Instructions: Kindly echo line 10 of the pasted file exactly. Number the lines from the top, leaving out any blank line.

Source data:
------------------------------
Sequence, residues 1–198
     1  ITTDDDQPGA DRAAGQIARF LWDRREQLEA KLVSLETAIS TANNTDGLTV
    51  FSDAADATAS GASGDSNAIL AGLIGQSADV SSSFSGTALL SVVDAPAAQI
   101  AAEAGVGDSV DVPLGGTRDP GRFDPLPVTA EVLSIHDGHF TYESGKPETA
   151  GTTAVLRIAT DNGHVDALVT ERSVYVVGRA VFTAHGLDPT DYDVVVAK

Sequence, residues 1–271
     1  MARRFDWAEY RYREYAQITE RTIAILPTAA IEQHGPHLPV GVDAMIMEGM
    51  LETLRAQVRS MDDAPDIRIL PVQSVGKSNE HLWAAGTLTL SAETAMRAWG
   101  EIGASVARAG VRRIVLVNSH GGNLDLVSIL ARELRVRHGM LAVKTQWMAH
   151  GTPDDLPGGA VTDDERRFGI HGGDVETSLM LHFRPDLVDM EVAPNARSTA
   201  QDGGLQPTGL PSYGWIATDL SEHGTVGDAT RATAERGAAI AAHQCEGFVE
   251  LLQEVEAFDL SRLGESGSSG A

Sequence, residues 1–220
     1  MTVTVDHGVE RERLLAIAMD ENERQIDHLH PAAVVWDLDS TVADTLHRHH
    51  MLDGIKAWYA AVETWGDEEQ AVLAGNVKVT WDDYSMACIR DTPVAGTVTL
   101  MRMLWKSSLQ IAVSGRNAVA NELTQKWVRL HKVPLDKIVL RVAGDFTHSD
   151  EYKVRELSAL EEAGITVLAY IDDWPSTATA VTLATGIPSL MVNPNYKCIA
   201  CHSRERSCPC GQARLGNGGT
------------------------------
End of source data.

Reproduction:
   151  GTPDDLPGGA VTDDERRFGI HGGDVETSLM LHFRPDLVDM EVAPNARSTA